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I abhor myself, and repent in dust and ashes. Job xlii. 6.

My dear reader, Reflect a moment who it was that made this confes

sion, and consider the many excellencies that he had. See chap. xxxi. Doubtless, you will be ready to ask why this self-abhorrence? What did this man want?—Let me give the answer for you:- Before his eyes were opened he wanted humility, or the knowledge of his own vileness, the very thing that you need, if not deeply humbled, and the want of which makes every man vile in the eyes of God. Elihu charges Job home with an undue opinion of his own righteousness; and God, who, by stroke upon stroke, and not one too much, had brought him to the dunghill, is represented as carrying on the same accusation against him. The whole issues in Job's humiliation, and conveys a most important lesson of instruction to all mankind, never to stand upon

their vindication with God. The book, in this view of it, is preparatory to the gospel, and a striking comment upon those words of St. Paul and the Psalmist,“ All have sinned, and come short of the glory of God. In thy sight shall no man living be justified.”—“God be merciful to me a sinner,” is a prayer easy to be said, but hard to be felt. One eye upon the perfection of God's laws, and another upon your own heart, may bring you up to it. But the Spirit's light is also needful, for which you must pray earnestly.

A sinner vile I am, O Lord,
A sinner day by day;

Much cause I have to loathe myself, 1

And for thy mercy pray.

And they sung a new song, saying, Thou art worthy to take the book,

und to open the seuls thereof; for thou wast slain, and hast redeemed us to God by thy blood, out of every kinılred, and tongue; and people,

and nation. Rev. v. 9. In Heaven the saints have a full sense of their great deliverance, together

with a perfect knowledge of sin, far beyond any thing we now conceive of it; and the glory of redeeming grace will be the eternal ground of their love and adoration. On earth, it is the great exercise and difficult work of faith, to see sin and Christ at the same time, or be pénetrated with a lively sense of our desert; and absolute freedom from con demnation. But the mile we know of both, the nearer approach we shall make to Heaven ; and we are our own greatest enemies, if, together with the fullest comprehension of sin, and the deepest humiliation for it, we do not look steadfastly unto Jesus, and see it taken away by the Lamb of God. This, though continually repeated by the Heavenly choir, is called their New Song; because it is always matter of as great joy to them, as if they had never sung it before; and because the love of God and of Christ in their redemption, is always opening upon them with new and increasing wonders. O my soul, Let nothing, let not thy sin, hinder thee from beginning it now! Saints cannot do less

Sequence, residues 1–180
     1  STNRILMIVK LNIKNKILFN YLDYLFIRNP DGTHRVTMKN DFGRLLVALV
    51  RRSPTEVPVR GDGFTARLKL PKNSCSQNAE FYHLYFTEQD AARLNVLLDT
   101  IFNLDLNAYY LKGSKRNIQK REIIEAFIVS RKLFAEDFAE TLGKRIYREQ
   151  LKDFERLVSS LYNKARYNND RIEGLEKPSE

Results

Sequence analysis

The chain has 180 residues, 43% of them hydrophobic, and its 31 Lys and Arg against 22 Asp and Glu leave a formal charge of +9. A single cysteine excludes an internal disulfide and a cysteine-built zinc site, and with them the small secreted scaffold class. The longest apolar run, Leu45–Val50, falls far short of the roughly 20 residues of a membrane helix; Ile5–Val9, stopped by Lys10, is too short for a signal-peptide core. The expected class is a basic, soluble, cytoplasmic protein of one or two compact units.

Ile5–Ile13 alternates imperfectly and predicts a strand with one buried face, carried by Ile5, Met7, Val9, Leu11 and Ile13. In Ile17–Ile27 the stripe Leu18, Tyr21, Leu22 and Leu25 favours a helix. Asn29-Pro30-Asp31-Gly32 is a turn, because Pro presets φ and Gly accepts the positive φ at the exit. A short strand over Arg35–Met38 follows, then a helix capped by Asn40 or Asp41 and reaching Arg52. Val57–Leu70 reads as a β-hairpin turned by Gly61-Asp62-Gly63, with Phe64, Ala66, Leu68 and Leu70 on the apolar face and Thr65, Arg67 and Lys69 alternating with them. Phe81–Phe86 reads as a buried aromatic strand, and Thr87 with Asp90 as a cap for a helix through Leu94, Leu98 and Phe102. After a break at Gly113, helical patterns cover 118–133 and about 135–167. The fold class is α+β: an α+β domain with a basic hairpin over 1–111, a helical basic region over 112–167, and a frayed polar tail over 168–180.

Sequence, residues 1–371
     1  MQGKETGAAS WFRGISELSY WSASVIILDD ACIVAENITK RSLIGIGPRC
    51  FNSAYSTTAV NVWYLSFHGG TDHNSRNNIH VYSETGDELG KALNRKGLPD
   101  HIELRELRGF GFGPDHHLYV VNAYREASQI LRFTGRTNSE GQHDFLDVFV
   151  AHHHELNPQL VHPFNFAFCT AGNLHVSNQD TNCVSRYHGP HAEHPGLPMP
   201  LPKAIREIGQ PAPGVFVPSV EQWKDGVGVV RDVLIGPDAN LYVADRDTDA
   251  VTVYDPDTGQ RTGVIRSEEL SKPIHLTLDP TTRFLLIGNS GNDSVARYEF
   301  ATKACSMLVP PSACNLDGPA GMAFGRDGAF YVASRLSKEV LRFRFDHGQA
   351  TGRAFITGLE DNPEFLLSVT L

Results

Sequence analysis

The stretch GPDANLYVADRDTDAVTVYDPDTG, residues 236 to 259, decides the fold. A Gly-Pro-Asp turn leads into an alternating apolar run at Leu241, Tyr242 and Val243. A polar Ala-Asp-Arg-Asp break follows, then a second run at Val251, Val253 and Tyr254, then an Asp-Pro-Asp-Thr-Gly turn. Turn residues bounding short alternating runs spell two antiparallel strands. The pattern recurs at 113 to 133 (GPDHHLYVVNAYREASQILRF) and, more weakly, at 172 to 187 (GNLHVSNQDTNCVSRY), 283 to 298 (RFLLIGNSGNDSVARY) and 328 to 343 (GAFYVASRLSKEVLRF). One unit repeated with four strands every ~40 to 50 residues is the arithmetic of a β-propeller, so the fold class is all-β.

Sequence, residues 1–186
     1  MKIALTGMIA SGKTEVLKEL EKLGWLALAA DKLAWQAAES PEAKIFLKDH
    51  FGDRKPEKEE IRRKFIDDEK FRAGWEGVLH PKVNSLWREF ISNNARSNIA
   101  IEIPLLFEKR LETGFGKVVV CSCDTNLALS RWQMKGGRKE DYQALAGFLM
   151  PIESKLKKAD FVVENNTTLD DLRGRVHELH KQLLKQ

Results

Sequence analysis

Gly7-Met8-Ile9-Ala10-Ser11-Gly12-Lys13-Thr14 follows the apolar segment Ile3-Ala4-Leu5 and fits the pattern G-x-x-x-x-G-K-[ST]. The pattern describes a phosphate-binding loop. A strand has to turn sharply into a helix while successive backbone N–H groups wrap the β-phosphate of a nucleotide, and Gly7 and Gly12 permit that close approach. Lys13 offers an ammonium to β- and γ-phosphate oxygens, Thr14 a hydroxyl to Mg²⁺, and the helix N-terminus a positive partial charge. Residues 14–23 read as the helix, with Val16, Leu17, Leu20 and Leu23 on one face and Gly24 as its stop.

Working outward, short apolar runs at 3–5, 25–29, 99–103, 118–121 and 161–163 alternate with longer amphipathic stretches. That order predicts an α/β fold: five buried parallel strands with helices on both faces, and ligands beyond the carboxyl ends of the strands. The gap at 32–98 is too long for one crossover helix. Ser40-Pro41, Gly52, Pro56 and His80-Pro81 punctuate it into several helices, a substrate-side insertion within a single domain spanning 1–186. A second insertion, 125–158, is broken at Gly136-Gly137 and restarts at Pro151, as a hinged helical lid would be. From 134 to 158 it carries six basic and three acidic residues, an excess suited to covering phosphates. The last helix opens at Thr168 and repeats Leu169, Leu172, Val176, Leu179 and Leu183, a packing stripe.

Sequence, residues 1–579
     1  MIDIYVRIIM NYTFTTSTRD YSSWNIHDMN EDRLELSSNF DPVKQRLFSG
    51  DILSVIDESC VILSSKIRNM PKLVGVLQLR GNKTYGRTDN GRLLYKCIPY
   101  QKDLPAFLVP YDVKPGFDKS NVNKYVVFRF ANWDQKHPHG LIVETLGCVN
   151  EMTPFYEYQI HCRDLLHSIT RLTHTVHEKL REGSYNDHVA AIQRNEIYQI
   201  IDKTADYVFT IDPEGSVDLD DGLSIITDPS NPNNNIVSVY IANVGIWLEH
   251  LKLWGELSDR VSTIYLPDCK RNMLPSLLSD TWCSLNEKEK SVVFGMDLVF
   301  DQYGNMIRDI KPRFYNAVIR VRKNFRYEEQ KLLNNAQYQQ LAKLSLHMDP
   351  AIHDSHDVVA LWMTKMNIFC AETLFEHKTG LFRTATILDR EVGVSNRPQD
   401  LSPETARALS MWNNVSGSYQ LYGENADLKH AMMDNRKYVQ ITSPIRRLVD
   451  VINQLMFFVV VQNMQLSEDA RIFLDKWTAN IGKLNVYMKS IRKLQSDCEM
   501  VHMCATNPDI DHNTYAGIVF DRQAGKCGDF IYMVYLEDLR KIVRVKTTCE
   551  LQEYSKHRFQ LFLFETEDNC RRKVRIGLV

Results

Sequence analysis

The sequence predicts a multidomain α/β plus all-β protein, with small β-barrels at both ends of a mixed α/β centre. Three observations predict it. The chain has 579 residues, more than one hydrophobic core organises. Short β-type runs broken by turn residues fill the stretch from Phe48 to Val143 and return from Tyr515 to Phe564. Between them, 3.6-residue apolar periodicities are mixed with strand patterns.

By Jesu's blood-shedding,
Than Jesus to bless;

His burial and smart.
His name they rely on,

To him that was slain,
His Godhead confess.

The scorn'd Nazarene,
My soul, bear a part,

Be glory and honour !
If ransom'd thou art,

Let all say Amen.

Follow me. Luke v. 27. And endure hardness as a good soldier of

Christ. 2 Tim. ii. 3.

Would you follow Christ? Then follow him in self-denial, in humi.

lity, in patience, and in a readiness for every good work. Follow him with a daily cross upon your back, and look to his cross to make your burden-light. Follow him as your guide and guard, and learn to see with his eyes, and to trust in his arm for defence. Follow him as the friend of sinners, who healeth the broken in heart, and giveth rest to weary souls, and casteth out none that come unto him. Fol·low him with faith, resting your whole acceptance with God, and your title to Heaven on his meritorious blood and righteousness.